I don't like your costume. 41 months in federal prison.
Lamberth hit Chansley with a heavy 41-month sentence for “obstructing a federal proceeding.”
However, the Qanon Shaman was led through the Capitol by officers. Defense counsel could have noted that his “obstruction” in going to an unoccupied Senate floor was facilitated by officers. While the police were clearly trying to deescalate the situation after the Capitol was breached, this is evidence of how Chansley came to the Senate. Indeed, his interaction with officers could have impacted how he viewed the gravity of his conduct. It certainly would have been material to the court in sentencing the conduct.
I have great respect for Judge Lamberth, who has always shown an admirable resistance to public pressure in high profile cases. I cannot imagine that Lamberth would not have found this footage material and frankly alarming.
Turley says that a complication in alleging a Brady violation -- the affirmative duty to disclose exculpatory evidence -- is that Chansley pleaded guilty. However, Turley admits that his plea was likely due to the government exerting maximum, tortuous pressure on him by keeping him locked up in solitary confinement to extract that very plea.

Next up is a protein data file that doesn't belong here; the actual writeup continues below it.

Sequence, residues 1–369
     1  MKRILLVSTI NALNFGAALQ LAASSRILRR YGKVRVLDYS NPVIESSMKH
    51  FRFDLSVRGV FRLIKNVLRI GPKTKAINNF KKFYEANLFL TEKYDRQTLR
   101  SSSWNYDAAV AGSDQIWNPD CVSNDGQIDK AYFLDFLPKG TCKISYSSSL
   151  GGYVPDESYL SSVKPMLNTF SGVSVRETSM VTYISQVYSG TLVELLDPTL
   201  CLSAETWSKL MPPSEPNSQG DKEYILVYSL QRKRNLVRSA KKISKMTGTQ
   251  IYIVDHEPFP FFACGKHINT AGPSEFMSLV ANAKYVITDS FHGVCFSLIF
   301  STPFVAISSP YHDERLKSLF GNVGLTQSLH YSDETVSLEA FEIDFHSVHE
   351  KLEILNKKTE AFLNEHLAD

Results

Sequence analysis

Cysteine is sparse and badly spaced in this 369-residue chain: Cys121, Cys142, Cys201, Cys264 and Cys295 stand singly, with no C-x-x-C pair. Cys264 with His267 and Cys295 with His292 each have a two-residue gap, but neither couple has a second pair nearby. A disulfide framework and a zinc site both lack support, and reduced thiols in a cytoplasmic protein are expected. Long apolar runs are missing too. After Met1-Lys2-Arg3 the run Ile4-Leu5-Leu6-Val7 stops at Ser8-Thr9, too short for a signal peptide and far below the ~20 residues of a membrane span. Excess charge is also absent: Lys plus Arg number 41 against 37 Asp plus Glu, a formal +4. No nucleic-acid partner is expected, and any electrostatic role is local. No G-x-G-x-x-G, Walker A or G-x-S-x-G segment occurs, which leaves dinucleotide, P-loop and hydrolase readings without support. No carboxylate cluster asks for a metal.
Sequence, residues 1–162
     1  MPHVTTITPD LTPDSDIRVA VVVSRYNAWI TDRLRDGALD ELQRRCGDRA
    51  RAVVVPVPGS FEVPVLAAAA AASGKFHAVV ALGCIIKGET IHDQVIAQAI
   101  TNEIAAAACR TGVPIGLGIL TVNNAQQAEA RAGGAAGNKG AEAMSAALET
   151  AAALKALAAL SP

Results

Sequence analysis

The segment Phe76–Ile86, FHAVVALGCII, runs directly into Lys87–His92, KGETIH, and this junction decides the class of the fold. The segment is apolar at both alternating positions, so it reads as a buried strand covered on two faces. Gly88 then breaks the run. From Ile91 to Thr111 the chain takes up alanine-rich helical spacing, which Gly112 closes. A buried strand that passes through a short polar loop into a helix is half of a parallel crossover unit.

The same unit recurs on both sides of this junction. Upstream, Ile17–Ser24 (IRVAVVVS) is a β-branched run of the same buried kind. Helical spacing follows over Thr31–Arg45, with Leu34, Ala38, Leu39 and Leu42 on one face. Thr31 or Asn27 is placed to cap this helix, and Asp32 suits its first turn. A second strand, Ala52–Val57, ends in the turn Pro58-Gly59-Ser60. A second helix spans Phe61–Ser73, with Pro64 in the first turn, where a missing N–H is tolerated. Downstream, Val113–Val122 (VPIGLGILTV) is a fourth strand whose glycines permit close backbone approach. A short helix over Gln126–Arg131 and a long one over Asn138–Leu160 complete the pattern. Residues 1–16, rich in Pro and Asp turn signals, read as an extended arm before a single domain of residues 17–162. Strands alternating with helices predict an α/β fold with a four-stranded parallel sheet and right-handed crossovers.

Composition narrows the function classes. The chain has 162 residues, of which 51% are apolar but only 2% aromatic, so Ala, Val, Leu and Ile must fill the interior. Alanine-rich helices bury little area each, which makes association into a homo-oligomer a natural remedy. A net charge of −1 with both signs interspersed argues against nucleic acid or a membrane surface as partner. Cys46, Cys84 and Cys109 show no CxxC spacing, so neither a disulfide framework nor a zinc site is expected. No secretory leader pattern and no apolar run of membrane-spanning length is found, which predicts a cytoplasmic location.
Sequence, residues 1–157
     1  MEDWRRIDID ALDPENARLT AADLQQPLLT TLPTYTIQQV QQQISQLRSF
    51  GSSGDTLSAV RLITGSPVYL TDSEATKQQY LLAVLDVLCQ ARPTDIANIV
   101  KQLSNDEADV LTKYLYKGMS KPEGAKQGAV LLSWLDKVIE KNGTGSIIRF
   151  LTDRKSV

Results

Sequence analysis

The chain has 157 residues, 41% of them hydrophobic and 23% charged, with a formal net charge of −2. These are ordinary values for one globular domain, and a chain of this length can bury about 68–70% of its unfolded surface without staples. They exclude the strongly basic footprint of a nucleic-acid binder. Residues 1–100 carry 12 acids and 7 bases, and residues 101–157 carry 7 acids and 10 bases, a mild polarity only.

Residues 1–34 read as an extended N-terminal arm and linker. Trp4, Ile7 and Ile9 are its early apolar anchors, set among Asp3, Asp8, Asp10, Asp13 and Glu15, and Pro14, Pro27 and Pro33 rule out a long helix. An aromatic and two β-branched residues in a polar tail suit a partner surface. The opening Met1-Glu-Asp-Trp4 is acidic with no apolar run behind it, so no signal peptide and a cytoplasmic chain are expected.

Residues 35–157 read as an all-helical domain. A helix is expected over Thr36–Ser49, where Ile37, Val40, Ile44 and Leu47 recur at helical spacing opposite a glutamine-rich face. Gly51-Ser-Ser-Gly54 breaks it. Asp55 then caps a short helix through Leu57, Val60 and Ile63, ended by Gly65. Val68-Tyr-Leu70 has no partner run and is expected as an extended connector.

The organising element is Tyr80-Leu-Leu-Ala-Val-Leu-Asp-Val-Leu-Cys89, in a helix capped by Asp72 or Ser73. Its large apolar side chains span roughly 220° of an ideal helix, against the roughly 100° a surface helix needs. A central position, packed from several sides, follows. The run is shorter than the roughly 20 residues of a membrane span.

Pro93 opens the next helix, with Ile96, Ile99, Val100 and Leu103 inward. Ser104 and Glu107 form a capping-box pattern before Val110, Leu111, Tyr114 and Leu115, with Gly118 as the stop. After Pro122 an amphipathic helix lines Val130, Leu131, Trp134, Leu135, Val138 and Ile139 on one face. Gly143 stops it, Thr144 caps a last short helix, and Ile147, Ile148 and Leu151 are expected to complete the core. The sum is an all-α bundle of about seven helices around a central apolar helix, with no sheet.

Part of the plea agreement contained, as usual, a relinquishment of the right to appeal.
So just by torturing someone, a prosecutor can get the target to plead guilty in a weak case and then have the entire matter covered-up by extracting the target's promise to never complain of or question his behavior.
But he thinks that maybe Judge Lamberth might be outraged by the failure to disclose the evidence.
I can answer that: No, he won't be. Lamberth has been bloodthirsty and fascist in dispensing Victor's Justice to the poor souls the government trundles before him, and will make up some procedural reason why he shouldn't disturb his the insane 41-month sentence he imposed on a man who is guilty of going on a guided tour of the Capitol.
A man who sentences people based on his distaste for their costuming is not a man much interested in substantive justice.
The Democrats warned us if they took control of the White House in 2020 that there would be payback and repurcussions. They stayed true to their word attacking conservatives. That is why it's important we take back the White House in 2024. If not the attacks will continue in a larger scale. We need to stop them by our vote!
©️Val Ojeda is a Republican Author, Media Personality, Strategist and Consultant. Ojeda manages federal political campaigns also serving as President Trump's Hispanic Coalition Leader. Ojeda is also a businessman, entrepreneur and the founder of FAMA a 501c3 Chamber of Commerce. Ojeda served as law enforcement Veteran Officer/Detective.